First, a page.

ON MONDAY night on ABC TV, a few moments of footage allowed an excruciating insight into the power that is entrusted to the media.
Four Corners reporter Liz Jackson was in a hospital in Sukkur, Pakistan, where the human misery from catastrophic floods continues to rise, six weeks after the rains started.
A crowd of women have brought in their desperately sick children, jostling for the overburdened doctor's attention. When Jackson arrives, they stand back and wait, their babies in their arms.
To any reporter who has witnessed acute need in the developing world, it is a familiar, discomforting scene. Crowds part for the Westerner with the notebook and camera, who is taken to see the people with medicines, food, water, authority.
The first time I experienced this, in a community in the grip of famine in Malawi, I was appalled and shamed.
I tried to retreat, to insist the doctors tend to their duties ahead of my questions. The mothers would have none of it. If my ploy was to escape the burden of their expectation, it backfired utterly.
The camera records Jackson doing what we do in such circumstances - she plies the doctor with questions on behalf of her distant audience. Where have these children come from? (The nearby camps, housing some of the 6 million people flushed from their homes.) Why are they sick? (Diarrhoea, dehydration - consequences of diseases festering in the water.) How many are sick? (The doctor struggles to guess.)
A woman in a crimson scarf cradles a tiny girl in pink. The girl's body is limp, her eyes wide and empty. The reporter keeps questioning, the doctor keeps answering, and the little girl is dying.
She stops breathing. The mother carries the tiny body and summons all her ragged dignity. She tucks swaddling gently around her daughter's face, anoints her fingers with water and closes those empty eyes.
HOW TO HELP
The doctor knew this baby was very sick. Maybe he knew he couldn't save her. Certainly he understood he could not save all infants being brought to him, more every day. So he invests precious minutes with Jackson in the hope she has more capacity than he to save some lives.
The mothers are caught in a similar thrall. They can't know the strange appetites of the global media machine. They perceive visiting reporters as powerful - emissaries to the wealthy world, a conduit for their pleas.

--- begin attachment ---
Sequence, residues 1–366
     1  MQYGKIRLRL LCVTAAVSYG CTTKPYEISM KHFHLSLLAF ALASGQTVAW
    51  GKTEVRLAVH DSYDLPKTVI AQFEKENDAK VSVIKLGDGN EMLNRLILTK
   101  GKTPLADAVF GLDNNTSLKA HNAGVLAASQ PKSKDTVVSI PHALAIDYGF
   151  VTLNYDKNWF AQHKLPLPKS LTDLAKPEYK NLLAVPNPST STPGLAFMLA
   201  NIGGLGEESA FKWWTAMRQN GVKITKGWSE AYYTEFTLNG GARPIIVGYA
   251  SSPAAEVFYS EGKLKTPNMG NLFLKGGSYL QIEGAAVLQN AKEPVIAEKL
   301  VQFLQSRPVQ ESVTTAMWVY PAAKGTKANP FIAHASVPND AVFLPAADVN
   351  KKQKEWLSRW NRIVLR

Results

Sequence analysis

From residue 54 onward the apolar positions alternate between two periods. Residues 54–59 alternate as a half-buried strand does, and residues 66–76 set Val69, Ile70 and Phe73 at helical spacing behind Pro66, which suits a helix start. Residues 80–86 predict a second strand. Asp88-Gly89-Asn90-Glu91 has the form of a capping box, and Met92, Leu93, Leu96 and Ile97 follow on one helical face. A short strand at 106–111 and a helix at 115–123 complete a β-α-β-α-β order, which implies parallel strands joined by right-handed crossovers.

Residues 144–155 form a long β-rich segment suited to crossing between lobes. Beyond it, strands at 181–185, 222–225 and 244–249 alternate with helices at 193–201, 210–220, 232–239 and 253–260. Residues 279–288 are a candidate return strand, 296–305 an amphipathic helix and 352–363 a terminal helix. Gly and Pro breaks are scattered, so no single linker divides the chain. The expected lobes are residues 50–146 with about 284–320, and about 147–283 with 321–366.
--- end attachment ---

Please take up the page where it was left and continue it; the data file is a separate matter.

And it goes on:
At one level, their faith is not misplaced. Jackson's raw, wrenching report was broadcast. Aid agencies logged a subsequent spike in donations.
Similarly, when ABC radio devoted a weekend to a Pakistan floods campaign, the initially lethargic public response sprang to life. Pledges to UNICEF went from $550,000 to $3.5 million. An article in The Age a week ago brought another spike. A photograph first published by Britain's Guardian newspaper - of babies in the camps covered in flies - triggered a storm. Australian donations to the UNICEF appeal are now $5.5 million. Other agencies tell similar stories.
The lesson is that people pay attention to news of disaster. Some switch off, but many respond. News coverage of disasters is not just critical in enlisting civilian support, it underwrites the response of governments.
In 2007, Swedish economists looked at the influence of mass media on US government disaster relief. Reflecting on the lessons from 5000 events over 35 years, they conclude that relief depends on arbitrary news cycles, and whether the disaster occurs at the same time as other events - say an Olympic Games. ''Relief decisions are driven by news coverage of disasters,'' it found.
In Australia, a University of Melbourne examination of both private and government disaster response also identified media coverage as a critical factor.
Disaster victims have always been hostage to the fragile whims of media attention. But now they face another obstacle to their stories finding their way into the world, as commercial news models endure a tsunami of their own in terms of relevance, reach and revenue.
The perceived wisdom of editors and producers is that there is little market appetite for bleak news from distant places. The response to appeals by donors indicates this is not necessarily so. It may be a question of the story-telling rather than the story.
In the six weeks since the Pakistani floods began, Australia's major newspapers have put the story on the front page just four times (once in this newspaper). By comparison, the Pakistan cricket match-fixing scandal has had 14 appearances on front pages. It's an imperfect measure of interest, but a telling one.
In terms of human impact, we have never known a disaster of the immensity of Pakistan's floods, according to the United Nations. It eclipses the 2004 Boxing Day tsunami and the Haiti earthquake combined - not in the death toll, but in the toll on lives. Some 21 million people have been profoundly affected, with consequences which will reverberate through economies and across borders.
Yesterday, the new UN humanitarian chief, Valerie Amos, called for a new way of thinking and responding to mass catastrophe. The ambit must extend to jaundiced editors, to recognise both their obligations to women such as those in Sukkur, and their immense power in the cycle of need and response.
Jo Chandler is a senior writer at The Age